Endoscopy 2018; 50(08): 820-821
DOI: 10.1055/a-0624-1518
© Georg Thieme Verlag KG Stuttgart · New York

Combination of endoscopic treatment – septectomy and stricturotomy in the afferent ileal limb of the ileal pouch

Martin Lukas
1  Gastroenterology, Clinical and Research Centre for Inflammatory Bowel Disease ISCARE, Prague, Czech Republic
Martin Bortlik
1  Gastroenterology, Clinical and Research Centre for Inflammatory Bowel Disease ISCARE, Prague, Czech Republic
2  First Medical Faculty, Charles University, Internal Department, Central Military Hospital, Prague, Czech Republic
3  First Medical Faculty, Charles University, Institute of Pharmacology, Prague, Czech Republic
Bo Shen
4  Gastroenterology, Center for Inflammatory Bowel Disease, Digestive Disease and Surgery Institute, The Cleveland Clinic Foundation, Cleveland, Ohio, United States
› Author Affiliations
Further Information

Publication History

Publication Date:
07 June 2018 (eFirst)

Endoscopic therapy of inflammatory bowel disease associated complications, such as stricture and fistula, has become an adjunct to medical and surgical treatment [1] [2]. Here we describe the case of a patient with ulcerative colitis and ileal pouch-anal anastomosis (IPAA) with complex stricture, which was successfully treated with a combined endoscopic stricturotomy and septectomy ([Video 1]).

Video 1 Stages of combination endoscopic treatment – septectomy and stricturotomy in the afferent ileal limb of the ileal pouch.

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The patient was a 68-year-old woman with a diagnosis of ulcerative colitis since 1997. She underwent a subtotal colectomy in 2000 and IPAA in 2001. Since her surgery, she suffered from recurrent episodes of pouchitis, which were successfully treated with antibiotics. In 2016, she developed an ano-vaginal fistula, which was treated by ano-rectal advancement flap.

In 2017 the patient’s symptoms worsened, and she had 10 bowel movements daily along with abdominal pain, bloating, and early satiety. In January, 2018, the pouch endoscopy showed mucosal edema, erosions, and erythema in the pouch body. About 5 cm above the ileal inlet into the pouch there was a moderate narrowing of the lumen along with a septum ([Fig. 1 a]), which a regular gastroscope could not traverse. The septum was thought to result from a full-thickness bowel wall bridge.

Zoom Image
Fig. 1 Endoscopic views. a Stricture with septum in the afferent limb of the ileal pouch. b Endoscopic septectomy alongside the guidewire. c The stricture after removal of the septum. d Endoscopic stricturotomy.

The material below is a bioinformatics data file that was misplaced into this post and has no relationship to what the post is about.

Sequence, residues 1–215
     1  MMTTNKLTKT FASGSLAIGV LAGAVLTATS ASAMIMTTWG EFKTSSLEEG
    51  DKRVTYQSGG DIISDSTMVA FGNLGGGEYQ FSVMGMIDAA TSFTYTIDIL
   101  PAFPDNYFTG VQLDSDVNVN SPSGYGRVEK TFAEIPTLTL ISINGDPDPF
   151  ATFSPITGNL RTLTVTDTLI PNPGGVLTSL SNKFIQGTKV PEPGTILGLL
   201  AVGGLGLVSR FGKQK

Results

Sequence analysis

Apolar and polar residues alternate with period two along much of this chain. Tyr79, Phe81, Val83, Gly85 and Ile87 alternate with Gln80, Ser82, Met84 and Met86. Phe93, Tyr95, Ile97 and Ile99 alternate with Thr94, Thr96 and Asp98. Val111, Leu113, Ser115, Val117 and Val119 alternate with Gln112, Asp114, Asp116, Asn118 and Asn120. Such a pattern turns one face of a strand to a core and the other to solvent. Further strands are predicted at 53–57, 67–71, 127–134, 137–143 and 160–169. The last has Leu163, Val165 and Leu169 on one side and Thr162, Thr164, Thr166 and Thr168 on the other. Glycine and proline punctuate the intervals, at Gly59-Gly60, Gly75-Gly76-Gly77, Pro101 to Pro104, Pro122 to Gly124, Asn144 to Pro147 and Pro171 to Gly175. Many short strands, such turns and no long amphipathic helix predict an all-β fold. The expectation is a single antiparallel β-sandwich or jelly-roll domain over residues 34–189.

As a first step, a guidewire was inserted to verify the position of the septum. Then, the septum was cut with an isolated-tip (IT) knife alongside the guidewire ([Fig. 1 b]), and the stump of the septum was resected using a polypectomy snare ([Fig. 1 c]). The remaining stricture was then treated by IT knife stricturotomy ([Fig. 1 d]). Subsequently, three endoscopic clips were placed along the incised edges of the stricture to maintain luminal patency and to prevent bleeding and perforation. Finally, the afferent limb was successfully intubated.

The traditional approach to treatment of bowel strictures in patients with IBD involves endoscopic balloon dilation (EBD) or surgery. An “interventional IBD” approach extends the therapeutic armamentarium by several other techniques, such as stricturotomy, fistulotomy, and sinusotomy [3].

An endoscopic stricturotomy with needle-knife or IT knife seems to carry a higher efficacy, a lower risk of perforation, but a higher risk of bleeding than endoscopic balloon dilation [4]. Endoscopic septectomy, resection of the stump of the septum, stricturotomy, and clip placement were used to treat our patient, with no immediate or delayed complications. To the best of our knowledge, this is the first report of the combination of four endoscopic techniques used to treat a patient with IBD surgery-related complication. However, randomized controlled studies should be carried out to properly assess the endoscopic techniques described.


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